Josef Groll had a big head. Arrogance was one of the brewer’s defining characteristics. His own father dubbed him “the rudest man in Bavaria.” But even Groll couldn’t have imagined — when he brewed the first Pilsner on October 5, 1842, in a small Bohemian city — his new pale lager would become a global mainstay.
The people of Pilsen, in what’s now Czechia, recruited Groll to create an alternative to the terrible ales they regularly dumped. They built a state-of-the-art brewery, now called Pilsner Urquell. Czech Pilsners retain much of the sweetness, hefty Bavarian malt mouthfeel, spicy bitterness from Saaz hops and golden color of the original.
In the late 1800s, advances in refrigeration and yeast accelerated the style’s popularity. Pilsner spread, adjusting to local tastes, agriculture and water. First it moved south into Austria and Bavaria where it spawned the Helles lager. Then it went north, creating the crispier northern German Pilsner and another spinoff: Dortmund export.
What about now? Unfortunately, Pilsner is no longer seen as Groll’s revolution, but too often as a macro style that breweries carry as a gateway to more exciting styles.
In this column, I want to occasionally revisit the basics, highlighting a Minnesota offering that’s a standard bearer of the style. For Pilsner, I spoke with Niko Tonks, founding brewer at Fair State Brewing Cooperative. Our conversation, edited for length and clarity, runs the gamut between what the beer was and what it might become again.
James Figy: Are Pilsners nowadays just something for the not-a-beer-drinker to sip?
Niko Tonks: Pilsners, in particular, are gaining ground. We always have Pils in the taproom, and when we have a second Pilsner, it often moves faster than IPAs at that time. But Pilsner is just one kind of pale lager. The lager in general has further to go.
JF: You once said brewers, rather than being beer snobs, prefer pale lager. Why?
NT: Taste among brewers is a diverse thing. But it’s a truism that the longer you’re in the industry, the more likely you drink pale lager at the end of the day, oftentimes not even craft beer.
At a base level, it tastes good, and you can have two or three. If you’re working in the “kettle sour mines” all day, cutting bags of fruit puree into a fermenter, you’ll probably crave a “regular beer.” On a technical level, Pilsners require consistency and are difficult to do well. That’s another truism.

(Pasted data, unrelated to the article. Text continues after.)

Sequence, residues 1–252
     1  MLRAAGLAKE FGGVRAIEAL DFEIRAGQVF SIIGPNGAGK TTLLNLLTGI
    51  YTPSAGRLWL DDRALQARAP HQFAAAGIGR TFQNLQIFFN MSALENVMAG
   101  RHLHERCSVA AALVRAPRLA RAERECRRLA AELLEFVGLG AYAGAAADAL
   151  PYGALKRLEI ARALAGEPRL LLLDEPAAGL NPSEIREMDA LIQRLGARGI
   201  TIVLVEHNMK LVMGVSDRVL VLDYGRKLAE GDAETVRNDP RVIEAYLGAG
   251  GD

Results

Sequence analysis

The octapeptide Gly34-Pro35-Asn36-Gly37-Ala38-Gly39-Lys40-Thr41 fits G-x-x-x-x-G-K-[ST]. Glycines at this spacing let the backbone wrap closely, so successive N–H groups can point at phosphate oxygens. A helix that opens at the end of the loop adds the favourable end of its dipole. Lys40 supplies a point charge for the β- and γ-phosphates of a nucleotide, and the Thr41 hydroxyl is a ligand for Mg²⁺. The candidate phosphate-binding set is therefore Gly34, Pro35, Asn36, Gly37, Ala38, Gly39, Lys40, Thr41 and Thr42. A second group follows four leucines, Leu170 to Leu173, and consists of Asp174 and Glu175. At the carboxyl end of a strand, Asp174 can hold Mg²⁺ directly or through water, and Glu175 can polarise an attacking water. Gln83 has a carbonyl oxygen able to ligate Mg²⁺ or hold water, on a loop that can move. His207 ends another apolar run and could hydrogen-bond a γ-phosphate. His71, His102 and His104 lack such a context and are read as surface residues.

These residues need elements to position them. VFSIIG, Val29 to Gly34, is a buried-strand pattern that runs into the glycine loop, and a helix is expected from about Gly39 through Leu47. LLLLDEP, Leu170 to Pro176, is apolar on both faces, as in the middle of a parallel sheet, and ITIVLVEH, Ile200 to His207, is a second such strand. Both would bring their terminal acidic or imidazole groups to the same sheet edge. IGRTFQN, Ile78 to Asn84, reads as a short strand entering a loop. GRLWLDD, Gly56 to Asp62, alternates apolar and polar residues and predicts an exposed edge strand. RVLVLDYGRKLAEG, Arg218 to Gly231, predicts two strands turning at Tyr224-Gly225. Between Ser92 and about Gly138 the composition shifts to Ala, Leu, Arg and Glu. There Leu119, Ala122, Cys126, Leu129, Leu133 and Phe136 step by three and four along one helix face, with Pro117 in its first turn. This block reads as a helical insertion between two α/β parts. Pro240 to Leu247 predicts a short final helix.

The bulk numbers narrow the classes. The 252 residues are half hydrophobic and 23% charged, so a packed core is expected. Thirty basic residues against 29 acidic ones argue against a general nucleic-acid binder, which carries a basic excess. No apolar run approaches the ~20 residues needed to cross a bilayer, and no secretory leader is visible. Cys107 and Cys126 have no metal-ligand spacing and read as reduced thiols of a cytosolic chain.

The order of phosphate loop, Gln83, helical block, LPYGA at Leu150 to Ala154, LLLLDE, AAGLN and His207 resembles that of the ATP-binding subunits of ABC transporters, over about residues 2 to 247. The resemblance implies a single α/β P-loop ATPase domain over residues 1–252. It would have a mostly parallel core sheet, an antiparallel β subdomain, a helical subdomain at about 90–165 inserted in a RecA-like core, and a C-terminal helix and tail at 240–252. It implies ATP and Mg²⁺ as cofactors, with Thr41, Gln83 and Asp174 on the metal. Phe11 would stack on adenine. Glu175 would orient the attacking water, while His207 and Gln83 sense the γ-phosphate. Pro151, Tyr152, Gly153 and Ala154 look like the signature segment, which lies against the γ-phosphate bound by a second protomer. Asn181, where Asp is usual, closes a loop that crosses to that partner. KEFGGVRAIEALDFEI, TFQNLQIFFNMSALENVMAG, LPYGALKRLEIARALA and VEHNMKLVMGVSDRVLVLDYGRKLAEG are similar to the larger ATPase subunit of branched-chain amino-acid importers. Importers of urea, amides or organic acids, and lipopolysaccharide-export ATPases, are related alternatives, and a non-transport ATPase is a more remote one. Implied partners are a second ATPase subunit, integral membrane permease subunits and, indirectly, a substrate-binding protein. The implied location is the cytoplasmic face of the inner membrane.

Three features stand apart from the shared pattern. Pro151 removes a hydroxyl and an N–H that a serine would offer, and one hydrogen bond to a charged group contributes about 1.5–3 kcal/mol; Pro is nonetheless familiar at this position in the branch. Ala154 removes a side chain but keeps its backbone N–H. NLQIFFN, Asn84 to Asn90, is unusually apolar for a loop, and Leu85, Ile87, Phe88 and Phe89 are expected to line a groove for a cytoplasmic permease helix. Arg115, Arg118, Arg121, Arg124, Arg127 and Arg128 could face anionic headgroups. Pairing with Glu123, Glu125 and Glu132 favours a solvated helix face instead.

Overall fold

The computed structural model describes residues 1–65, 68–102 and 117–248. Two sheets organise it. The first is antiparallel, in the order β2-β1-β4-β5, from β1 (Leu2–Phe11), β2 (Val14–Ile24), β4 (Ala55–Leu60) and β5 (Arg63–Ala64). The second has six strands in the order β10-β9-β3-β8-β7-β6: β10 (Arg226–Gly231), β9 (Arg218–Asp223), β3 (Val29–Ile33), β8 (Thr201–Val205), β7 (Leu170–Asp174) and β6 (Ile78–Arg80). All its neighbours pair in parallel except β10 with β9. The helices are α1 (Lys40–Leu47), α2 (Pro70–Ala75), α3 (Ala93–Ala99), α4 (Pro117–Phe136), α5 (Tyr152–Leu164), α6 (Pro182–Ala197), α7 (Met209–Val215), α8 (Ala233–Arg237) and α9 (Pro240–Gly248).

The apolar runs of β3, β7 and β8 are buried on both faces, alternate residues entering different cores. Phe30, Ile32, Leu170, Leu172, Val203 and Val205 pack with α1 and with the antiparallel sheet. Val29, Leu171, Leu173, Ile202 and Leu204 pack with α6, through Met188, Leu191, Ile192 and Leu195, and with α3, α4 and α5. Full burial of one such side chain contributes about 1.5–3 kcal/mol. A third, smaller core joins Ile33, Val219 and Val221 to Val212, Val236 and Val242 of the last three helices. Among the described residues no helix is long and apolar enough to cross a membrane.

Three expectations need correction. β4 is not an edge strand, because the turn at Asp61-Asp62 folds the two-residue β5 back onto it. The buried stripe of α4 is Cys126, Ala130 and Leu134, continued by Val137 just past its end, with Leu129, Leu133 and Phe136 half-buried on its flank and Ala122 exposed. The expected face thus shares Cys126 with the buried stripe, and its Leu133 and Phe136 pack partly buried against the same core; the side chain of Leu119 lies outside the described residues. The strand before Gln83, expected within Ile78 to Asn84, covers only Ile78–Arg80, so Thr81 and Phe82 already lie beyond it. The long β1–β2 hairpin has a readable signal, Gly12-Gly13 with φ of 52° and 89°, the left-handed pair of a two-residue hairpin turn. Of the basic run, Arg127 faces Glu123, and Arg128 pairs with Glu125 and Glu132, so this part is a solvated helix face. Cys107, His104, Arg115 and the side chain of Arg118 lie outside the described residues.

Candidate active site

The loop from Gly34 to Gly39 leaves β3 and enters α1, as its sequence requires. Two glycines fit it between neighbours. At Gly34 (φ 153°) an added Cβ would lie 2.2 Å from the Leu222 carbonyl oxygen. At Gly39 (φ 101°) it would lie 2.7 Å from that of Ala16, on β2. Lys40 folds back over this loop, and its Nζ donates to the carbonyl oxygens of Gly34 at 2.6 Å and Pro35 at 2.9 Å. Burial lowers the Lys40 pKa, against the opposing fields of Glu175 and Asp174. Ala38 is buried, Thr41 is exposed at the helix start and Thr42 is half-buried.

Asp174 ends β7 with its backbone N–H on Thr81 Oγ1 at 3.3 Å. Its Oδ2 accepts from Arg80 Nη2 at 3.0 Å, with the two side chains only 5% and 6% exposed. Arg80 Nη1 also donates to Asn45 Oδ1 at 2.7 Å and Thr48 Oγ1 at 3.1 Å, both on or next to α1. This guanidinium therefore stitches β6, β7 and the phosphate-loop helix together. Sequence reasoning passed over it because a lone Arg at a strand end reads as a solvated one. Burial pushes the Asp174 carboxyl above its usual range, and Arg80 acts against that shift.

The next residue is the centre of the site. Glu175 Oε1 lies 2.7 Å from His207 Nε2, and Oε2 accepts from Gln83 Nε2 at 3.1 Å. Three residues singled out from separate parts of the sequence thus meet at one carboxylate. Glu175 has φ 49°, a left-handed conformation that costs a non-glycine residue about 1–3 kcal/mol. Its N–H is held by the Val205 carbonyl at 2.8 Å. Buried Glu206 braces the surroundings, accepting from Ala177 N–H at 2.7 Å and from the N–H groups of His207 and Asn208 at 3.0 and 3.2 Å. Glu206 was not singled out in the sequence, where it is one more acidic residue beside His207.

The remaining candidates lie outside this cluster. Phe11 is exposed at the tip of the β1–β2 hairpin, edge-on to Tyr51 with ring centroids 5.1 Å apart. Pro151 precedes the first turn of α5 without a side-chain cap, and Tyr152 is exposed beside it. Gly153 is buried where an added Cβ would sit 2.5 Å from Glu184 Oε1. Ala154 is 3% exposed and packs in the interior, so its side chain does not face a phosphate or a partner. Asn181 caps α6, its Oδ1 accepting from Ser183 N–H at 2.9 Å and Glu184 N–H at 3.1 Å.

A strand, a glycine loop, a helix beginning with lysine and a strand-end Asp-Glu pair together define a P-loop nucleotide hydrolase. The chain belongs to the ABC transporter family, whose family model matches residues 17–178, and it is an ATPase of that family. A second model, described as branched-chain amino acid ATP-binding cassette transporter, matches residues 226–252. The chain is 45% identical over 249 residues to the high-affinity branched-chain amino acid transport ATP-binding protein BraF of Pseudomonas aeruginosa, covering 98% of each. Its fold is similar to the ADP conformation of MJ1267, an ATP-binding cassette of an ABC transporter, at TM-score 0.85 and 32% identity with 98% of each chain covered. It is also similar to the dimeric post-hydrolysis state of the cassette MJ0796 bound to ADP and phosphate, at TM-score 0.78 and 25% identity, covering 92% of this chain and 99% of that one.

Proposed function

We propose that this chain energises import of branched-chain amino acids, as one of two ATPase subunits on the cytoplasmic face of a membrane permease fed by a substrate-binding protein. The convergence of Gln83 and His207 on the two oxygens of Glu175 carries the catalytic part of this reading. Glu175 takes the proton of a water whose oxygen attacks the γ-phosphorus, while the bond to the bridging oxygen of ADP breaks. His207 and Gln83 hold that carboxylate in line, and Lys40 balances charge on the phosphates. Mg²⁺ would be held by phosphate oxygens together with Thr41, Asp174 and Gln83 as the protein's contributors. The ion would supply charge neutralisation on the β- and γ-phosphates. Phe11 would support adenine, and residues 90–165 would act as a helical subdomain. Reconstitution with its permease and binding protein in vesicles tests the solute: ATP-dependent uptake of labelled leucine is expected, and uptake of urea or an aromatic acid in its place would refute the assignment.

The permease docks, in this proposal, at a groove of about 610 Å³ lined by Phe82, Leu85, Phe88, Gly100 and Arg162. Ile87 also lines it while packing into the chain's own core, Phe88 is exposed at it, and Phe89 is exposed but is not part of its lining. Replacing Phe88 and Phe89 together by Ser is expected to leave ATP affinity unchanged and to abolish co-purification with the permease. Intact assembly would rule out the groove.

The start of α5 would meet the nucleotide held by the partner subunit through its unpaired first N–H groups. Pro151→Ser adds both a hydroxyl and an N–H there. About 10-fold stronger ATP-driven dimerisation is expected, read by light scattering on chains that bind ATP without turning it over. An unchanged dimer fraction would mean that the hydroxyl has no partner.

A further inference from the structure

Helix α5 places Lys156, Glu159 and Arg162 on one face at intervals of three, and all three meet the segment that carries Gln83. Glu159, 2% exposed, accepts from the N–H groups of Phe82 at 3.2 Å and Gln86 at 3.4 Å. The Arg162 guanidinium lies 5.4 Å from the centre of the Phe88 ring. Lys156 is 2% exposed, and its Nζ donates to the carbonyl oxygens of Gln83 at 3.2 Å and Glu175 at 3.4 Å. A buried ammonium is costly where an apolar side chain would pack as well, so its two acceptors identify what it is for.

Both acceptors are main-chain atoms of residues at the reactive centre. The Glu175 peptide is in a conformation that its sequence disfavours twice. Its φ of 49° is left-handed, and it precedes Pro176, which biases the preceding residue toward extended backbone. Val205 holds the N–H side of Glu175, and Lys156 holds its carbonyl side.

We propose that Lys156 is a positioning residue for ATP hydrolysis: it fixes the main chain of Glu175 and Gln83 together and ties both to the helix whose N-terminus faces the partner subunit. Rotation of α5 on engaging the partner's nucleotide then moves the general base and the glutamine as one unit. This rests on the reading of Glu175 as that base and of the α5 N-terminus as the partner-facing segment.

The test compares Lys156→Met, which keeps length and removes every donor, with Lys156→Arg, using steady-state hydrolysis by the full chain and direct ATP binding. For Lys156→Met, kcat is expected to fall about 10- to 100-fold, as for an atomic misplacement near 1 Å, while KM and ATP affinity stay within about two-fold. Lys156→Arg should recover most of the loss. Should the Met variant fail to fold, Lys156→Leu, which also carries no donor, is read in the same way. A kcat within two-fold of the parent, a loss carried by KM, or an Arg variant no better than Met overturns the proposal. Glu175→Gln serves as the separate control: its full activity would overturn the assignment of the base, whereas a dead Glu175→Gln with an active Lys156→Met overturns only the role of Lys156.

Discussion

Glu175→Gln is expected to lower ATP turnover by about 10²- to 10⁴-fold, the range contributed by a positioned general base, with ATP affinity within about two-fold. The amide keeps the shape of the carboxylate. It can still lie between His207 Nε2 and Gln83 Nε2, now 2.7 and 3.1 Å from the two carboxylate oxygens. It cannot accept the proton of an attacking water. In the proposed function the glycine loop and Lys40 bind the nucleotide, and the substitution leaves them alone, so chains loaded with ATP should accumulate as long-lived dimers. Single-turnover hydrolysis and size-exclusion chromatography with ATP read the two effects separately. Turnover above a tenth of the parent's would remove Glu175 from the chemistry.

JF: What makes Pilsners so difficult?
NT: The old story is there are fewer things to hide behind. That’s true to an extent. Material selection is important, but that applies to any style. Really, reaching the pinnacle of IPA is as hard as getting to the pinnacle of Pilsner.
But the opportunity cost is huge: In our peak season, we could put two or three batches of IPA through a tank in the time it takes to do one of Pils.
We use some old school, continental techniques, too. Much American brewing equipment isn’t set up for them, though many new breweries are building in these capabilities. You need to do a temperature program mash or decoction if you want to get to the next level.
And we keep Pils simple, which is the nature of the beast. As a brewer, you have to resist complicating recipes for beers like this.
JF: Which pale lager ancestor does it most closely resemble?
NT: Fair State Pils is a mashup of the Czech and northern German versions. It’s maltier and less dry than the latter because we use Bohemian Pilsner malt. But we pair it with a lot of classic German aroma hops from the Hallertau region of Bavaria, so it’s more bitter and hop aromatic than the former. We aimed for an authentic continental style.
JF: Why have you focused so much on craft lagers, like Pils, Crankin’ Foamers, Union Lager and Vienna Lager?
NT: Our concept when we opened in 2014 was to make low-alcohol beers. Early on, our sour beers got more attention, so we leaned into that. And we’ve definitely chased a trend or two.
But during the pandemic, we had some downtime to think. We realized we’re technically proficient enough to make almost any style, but people can really tell when you’re excited and care about the beer.
We’ll keep brewing as many lagers as possible, and if that’s our niche, we’ll still sleep well.
JF: Will the industry overall trend in that direction?
NT: Everything’s possible on small scales. To stay alive in Minnesota’s beer scene, most breweries must cater to everybody. I hope we see greater differentiation, with go-to places for English pub ales or brown ales or Belgians.
But I take it with a grain of salt. My first brewing job was at Live Oak Brewing in Austin, Texas, which makes Pilz — a very Czech Pilsner. Every year since, articles have said, “This is the year of the craft lager!” The only difference now is I sort of believe it.
James Figy is a writer and beer enthusiast based in St. Paul. In Mankato, he earned an MFA in creative writing from Minnesota State University and a World Beer Cruise captain’s jacket from Pub 500.
This article originally appeared in the June 2022 issue of Mankato Magazine.